If you are a Carousell user in Singapore, you might have seen a giveaway for mask extenders (also known as ear savers) on Carousell earlier this year at the peak of the pandemic. 3D printing startup Siege Advanced Manufacturing (@siege_advanced_manufacturing) started the initiative for the general public as the law for compulsory wearing of face masks came into action. Each user could receive four ear savers for free with an added mailing fee of $1.50, as meet-ups were not allowed during the Circuit Breaker period.
“We started with a crowdfunding attempt to donate face shields to hospitals in the region and other groups in need. As face shields became less of a requirement, we turned to ear savers. They are quick to manufacture and something within our budget that we can offer to the public. We just wanted to do something for others that is within our means,” shared co-founder Daphne who led this initiative. They found the open source design online, created to allow others with 3D printers to produce for their own communities.
She explains, “We adapted the design and made it smaller and shorter to fit asian faces as the original was too long and will cause the strap to drop to the neck. 3D printing also allows us to manufacture on demand, as it’s an instant manufacturing process. This means that we don’t need to produce excess pieces which will contribute to wastage, and we don’t need to worry about having insufficient, as we can just manufacture it again.”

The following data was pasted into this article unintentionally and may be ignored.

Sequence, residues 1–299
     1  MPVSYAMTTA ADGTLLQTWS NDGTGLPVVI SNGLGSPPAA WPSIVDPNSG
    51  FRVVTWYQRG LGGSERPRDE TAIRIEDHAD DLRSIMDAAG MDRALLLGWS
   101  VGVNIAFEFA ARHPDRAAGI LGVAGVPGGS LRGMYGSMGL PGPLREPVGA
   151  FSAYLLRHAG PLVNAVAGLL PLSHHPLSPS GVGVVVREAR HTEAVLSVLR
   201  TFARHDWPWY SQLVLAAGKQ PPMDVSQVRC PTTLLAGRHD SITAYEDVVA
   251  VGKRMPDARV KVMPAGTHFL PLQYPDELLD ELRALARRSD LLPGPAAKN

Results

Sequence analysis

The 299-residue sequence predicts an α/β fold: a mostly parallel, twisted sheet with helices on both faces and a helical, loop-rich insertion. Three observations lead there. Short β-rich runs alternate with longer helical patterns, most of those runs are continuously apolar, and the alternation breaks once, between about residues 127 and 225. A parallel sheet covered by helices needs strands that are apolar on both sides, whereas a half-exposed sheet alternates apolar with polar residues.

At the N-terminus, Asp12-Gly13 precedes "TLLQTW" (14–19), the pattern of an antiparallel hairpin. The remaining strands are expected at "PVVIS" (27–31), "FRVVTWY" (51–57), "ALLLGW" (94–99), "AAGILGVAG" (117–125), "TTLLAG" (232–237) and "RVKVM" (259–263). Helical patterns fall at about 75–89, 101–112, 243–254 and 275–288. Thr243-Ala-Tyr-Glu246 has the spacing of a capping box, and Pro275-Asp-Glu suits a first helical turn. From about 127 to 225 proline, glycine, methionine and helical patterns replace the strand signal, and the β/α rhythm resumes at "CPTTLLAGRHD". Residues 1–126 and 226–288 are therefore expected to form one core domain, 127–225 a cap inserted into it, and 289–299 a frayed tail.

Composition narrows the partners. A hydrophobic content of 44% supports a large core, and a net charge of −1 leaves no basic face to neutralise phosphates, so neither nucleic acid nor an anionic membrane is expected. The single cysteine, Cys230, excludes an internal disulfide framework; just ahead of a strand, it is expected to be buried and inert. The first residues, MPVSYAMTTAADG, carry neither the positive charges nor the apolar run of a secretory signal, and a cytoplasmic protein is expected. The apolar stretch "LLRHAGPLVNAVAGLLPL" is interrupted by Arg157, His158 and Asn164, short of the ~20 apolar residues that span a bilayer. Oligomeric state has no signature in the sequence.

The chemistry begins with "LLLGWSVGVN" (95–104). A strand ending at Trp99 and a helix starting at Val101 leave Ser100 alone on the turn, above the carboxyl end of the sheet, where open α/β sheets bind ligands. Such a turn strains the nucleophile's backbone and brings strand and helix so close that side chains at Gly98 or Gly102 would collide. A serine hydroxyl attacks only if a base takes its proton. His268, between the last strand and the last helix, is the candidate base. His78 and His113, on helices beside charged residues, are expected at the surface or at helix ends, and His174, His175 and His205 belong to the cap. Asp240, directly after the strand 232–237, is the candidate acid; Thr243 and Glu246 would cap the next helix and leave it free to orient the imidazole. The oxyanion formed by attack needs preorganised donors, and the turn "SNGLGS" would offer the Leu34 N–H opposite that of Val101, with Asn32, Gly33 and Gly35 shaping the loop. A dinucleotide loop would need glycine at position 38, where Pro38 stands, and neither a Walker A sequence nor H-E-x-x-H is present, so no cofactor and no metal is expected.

Daphne and the founder Chi Jie were surprised that many wanted to purchase additional ear savers to give away. “There were quite a number of people who wanted to purchase additional ear savers while redeeming the four free pieces, to give to delivery riders/ taxi uncles/ friends and family out of goodwill. Some of them also offered to pay for the four free pieces, so that we can in turn give their four free pieces to others more in need. It was very heartwarming! We gave away about 3,325 ear savers and sold about 3,745 ear savers on Carousell (some of them bought in bulk for their employees) over three months,” said Daphne. One user that stood out had wanted to buy them for an elderly hawker at her nearby hawker centre.
Daphne shares that the company is back to focusing on our 3D printing services, now that businesses have all resumed. “We had been affected during Covid-19, as many of our projects that were discussed before Covid-19 had to be put on an indefinite hold. We also 3D print for many events and creative industries, which were badly affected during Covid-19, so that in turn affected us. Other than demand, supply was also badly affected. During the lockdowns, our materials and printer parts were stuck in places all over the world, and getting locally made items jacked up our costs a lot. At least we made good use of our time and we feel happy that we were able to contribute in a small way through the face shield and ear saver campaigns during this time,” she said.